Degree Name

Doctor of Philosophy


Department of Psychology


Semantic memory impairments have been hypothesised to underlie many of the language difficulties reported in probable Alzheimer's Disease, such as naming and verbal fluency. Contention exists regarding whether observed difficulties constitute a semantic storage impairment, or difficulty in the access and processing of relatively intact semantic knowledge. This study investigated the integrity of several types of semantic associations, namely, category co-members, functional associates and sensory associates in six single case studies of mild probable Alzheimer's Disease. A semantic priming pronunciation task, designed to minimise subject-initiated strategies (SOA of 350 ms and relatedness proportion of .15), and a series of off-line neuropsychological measures were used. The results supported the hypothesis of partial impairment in semantic memory in some, but not all of the cases. Both hyperpriming and significant underpriming were observed in four out of the six cases in comparison to an age and education matched control group. Where semantic memory impairment was observed, dissociation between types of semantic knowledge was found. Relative preservation of functional associate priming, accompanied by impairment in both category co-member and sensory associate priming was found in one probable Alzheimer's Disease subject and a similar trend was noted in a further two cases. In comparison, another subject displayed priming in the functional associate condition which approached significance, while priming in the sensory associate condition was preserved. The results suggested heterogeneity of impairment in the mild stage of Alzheimer's Disease, and it was hypothesised that subgroups may exist with respect to their pattern of impairment in semantic memory. It is suggested that models of semantic memory storage must accommodate observations of dissociation between different types of semantic knowledge.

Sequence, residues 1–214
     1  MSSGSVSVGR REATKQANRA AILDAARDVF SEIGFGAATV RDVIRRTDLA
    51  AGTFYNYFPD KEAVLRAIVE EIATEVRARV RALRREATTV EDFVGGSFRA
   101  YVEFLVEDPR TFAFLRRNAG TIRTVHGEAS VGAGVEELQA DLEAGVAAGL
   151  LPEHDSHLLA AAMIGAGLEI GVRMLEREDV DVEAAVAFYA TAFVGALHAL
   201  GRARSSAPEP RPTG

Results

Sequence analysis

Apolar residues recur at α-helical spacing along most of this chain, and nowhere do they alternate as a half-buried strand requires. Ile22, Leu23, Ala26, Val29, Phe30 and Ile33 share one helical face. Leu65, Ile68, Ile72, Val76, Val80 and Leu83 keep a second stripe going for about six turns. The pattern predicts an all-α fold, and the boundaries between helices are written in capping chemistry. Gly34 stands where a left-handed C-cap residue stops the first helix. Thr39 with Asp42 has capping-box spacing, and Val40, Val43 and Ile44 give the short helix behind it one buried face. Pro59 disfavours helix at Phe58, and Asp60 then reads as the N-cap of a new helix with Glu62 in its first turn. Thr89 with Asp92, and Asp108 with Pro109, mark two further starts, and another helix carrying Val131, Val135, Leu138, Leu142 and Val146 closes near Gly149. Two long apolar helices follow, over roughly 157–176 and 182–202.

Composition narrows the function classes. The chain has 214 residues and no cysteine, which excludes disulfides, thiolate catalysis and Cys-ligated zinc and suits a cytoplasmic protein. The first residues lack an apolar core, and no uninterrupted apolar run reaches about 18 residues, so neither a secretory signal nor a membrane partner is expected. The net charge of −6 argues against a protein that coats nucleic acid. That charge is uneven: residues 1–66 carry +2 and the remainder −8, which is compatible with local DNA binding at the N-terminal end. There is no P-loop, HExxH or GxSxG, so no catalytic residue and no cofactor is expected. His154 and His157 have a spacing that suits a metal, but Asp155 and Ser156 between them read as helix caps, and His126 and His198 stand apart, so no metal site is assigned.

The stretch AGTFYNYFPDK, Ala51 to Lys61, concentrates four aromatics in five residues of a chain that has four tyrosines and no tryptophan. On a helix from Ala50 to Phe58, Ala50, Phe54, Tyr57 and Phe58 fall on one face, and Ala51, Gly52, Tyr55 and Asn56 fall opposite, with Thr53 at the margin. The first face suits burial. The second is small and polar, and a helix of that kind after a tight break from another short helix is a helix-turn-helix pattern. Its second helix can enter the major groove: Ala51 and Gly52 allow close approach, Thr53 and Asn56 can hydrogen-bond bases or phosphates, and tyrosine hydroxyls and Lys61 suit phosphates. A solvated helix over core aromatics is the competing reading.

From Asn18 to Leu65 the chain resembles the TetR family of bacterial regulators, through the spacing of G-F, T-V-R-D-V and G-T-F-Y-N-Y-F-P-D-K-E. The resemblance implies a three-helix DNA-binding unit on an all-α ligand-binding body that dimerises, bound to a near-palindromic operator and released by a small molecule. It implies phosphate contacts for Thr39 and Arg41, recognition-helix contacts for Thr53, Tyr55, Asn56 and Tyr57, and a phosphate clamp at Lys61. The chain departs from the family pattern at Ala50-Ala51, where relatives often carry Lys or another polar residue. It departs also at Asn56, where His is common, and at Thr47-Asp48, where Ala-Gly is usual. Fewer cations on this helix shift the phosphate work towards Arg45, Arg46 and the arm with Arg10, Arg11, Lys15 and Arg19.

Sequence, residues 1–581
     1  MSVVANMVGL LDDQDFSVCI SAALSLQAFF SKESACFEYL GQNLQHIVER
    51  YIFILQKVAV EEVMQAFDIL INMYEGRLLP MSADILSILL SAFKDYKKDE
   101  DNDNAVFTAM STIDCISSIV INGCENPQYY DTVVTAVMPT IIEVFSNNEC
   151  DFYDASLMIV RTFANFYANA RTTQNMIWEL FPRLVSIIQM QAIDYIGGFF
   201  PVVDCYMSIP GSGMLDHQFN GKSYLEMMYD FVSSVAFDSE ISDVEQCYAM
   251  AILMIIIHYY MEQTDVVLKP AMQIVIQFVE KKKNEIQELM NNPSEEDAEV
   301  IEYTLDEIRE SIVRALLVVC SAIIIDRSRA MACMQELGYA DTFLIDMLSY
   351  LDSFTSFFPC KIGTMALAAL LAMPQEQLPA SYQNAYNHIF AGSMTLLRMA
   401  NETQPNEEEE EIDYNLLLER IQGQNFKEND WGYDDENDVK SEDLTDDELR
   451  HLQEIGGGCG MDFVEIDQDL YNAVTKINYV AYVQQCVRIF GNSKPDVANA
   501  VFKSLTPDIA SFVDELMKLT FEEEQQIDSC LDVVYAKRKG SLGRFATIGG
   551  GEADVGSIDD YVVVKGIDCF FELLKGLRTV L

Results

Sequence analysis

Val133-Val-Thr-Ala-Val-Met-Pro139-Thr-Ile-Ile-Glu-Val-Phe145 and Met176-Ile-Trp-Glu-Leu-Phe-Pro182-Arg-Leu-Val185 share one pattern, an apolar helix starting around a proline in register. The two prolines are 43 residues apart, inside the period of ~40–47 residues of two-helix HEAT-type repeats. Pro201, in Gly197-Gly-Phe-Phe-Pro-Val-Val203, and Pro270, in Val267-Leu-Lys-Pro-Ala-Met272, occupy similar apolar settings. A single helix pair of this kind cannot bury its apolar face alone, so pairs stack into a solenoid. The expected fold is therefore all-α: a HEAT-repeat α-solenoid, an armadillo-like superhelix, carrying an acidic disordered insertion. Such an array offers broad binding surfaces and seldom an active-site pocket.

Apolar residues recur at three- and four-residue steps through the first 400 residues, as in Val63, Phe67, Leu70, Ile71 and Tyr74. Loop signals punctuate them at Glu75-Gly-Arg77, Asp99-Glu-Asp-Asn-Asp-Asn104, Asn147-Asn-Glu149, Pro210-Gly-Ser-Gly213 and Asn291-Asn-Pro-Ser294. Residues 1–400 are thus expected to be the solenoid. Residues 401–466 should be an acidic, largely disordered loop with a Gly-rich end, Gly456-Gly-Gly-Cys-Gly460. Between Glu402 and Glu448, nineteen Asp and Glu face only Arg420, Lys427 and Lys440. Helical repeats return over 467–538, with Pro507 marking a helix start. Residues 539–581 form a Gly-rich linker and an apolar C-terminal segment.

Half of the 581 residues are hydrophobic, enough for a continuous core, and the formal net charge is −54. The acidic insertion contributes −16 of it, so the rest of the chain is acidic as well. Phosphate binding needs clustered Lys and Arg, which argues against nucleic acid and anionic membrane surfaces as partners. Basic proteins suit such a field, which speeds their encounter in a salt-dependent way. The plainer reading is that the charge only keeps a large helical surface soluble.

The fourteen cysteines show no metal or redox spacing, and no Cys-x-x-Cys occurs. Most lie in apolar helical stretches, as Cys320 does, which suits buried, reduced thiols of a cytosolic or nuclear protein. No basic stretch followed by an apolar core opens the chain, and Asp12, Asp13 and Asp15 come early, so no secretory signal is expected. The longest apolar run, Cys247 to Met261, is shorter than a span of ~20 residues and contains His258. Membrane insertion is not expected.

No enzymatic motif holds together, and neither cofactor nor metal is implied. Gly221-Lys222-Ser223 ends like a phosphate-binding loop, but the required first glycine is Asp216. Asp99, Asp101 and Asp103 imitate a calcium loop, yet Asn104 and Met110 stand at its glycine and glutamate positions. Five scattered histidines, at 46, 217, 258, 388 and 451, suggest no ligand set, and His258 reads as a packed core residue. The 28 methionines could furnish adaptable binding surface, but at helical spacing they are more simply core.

Unless otherwise indicated, the views expressed in this thesis are those of the author and do not necessarily represent the views of the University of Wollongong.